Class of '14: Lauren Henry

Class of '14: Lauren Henry



From Monticello to the Museum of Modern Art

Lauren Henry's favorite part of The Field Museum in Chicago isn't the public exhibits but the storage areas.

Specifically, the oversized storage area with all the artifacts that can't fit in a drawer.

As part of a class at Illinois Wesleyan University, Henry walked into the large room and there sat a giant marble sarcophagus, next to a rusted tub from Pompeii, near spears from Papua New Guinea and ancient Chinese sculptures, and on and on.

"It was completely mind-blowing," said Henry, who graduated last weekend from IWU in Bloomington with a double major in international studies and anthropology.

The 2010 Monticello High School graduate aspires to be a collections manager at a museum some day, somewhere. It's a competitive field, so she's flexible on location — as long as she's in a museum.

"I love everything that's old and has history. ... I love the idea of being the person who gets to take care of those artifacts and make sure they continue to be preserved for future generations," said Henry, 21, who leaves Monticello in the next two weeks for a summer internship at The Museum of Modern Art in midtown Manhattan. An unpaid position, Henry knows it's invaluable experience.

MoMA, as it's known, has one of the world's best collections of modern Western masterpieces. It features art exhibits in a wide range of subject matter, mediums and time periods, and its collections include more than 150,000 paintings, sculptures, drawings, prints, photographs, architectural models and design objects, as well as 22,000 films.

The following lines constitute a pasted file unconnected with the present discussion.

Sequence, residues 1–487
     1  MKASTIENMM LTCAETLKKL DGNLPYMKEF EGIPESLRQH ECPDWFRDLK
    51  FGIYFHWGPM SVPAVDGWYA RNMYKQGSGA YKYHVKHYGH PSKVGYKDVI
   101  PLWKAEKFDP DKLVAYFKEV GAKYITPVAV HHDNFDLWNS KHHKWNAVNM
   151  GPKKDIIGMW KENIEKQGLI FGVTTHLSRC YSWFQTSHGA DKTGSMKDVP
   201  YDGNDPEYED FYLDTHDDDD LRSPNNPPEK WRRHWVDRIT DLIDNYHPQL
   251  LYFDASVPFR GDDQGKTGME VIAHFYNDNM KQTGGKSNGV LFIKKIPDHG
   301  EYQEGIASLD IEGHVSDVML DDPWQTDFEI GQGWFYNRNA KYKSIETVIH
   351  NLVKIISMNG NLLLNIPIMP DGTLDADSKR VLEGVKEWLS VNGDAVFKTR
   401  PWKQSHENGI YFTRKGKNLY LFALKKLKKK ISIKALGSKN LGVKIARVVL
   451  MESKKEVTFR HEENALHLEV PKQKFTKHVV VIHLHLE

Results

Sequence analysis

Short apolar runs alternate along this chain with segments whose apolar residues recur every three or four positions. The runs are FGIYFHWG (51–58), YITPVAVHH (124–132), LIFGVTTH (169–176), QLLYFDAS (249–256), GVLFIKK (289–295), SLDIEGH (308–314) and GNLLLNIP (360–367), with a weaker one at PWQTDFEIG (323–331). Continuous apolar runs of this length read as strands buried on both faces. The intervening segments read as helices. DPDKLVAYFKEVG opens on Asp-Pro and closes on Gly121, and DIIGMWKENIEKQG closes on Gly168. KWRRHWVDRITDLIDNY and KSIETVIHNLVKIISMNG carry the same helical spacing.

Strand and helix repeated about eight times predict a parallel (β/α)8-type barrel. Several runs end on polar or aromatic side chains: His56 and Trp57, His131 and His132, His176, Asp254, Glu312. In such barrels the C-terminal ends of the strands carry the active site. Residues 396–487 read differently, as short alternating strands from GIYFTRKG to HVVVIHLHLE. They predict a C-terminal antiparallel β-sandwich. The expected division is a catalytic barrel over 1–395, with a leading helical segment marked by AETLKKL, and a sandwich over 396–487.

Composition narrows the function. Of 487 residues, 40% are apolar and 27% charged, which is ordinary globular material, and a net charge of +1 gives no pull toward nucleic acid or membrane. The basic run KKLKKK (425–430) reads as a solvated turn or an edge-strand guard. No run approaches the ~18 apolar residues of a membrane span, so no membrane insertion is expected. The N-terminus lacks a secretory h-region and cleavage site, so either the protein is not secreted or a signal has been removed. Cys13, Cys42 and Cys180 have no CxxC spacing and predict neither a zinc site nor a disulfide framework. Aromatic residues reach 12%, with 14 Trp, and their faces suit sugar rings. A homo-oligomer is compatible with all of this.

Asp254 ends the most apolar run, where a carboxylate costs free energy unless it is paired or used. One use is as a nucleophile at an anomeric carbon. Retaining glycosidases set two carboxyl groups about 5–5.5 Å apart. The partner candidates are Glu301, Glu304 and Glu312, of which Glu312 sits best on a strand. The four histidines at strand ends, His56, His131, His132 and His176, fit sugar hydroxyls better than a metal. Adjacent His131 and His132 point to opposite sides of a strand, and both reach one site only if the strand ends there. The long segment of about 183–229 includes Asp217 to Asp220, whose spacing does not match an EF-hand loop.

Without a strong art background, Henry believes a local internship at the McLean County Museum of History — where she processed old scrapbooks — helped her get the position. She also volunteered at Mahomet's Museum of the Grand Prairie, inventorying artifacts.

"(MoMA officials) were so thrilled that I had archival experience of any type," Henry said.

Her summer stint starts June 3 in the collections management and exhibition registration area, where she'll maintain records for the museum's art. She will live a 5-minute walk from MoMA at the New Yorker Hotel, in dormitory-style housing that caters to interns.

At Monticello, Henry had no solid career goals but a desire for international studies, because she loved world travel. At IWU, she added an anthropology major after taking the course "Museums, Representation and Cultural Property." The professor, Linda Giles, took students behind the scenes at multiple museums, including The Field.

"That really set me on the track that I am now," Henry said.

Giles said Henry was one of the her best students — enthusiastic, hard-working and perceptive. After MoMA, Henry will attend graduate school, but doesn't know where yet.

She leaves Monticello for New York later this month, and is brushing up on art history and the exhibits and collections at MoMA.

"I've been looking on the website constantly. I feel very familiar with it even though I've never been there," she said. "It's sort of selfish, but I want to be able to see the cool stuff that no one else gets to."

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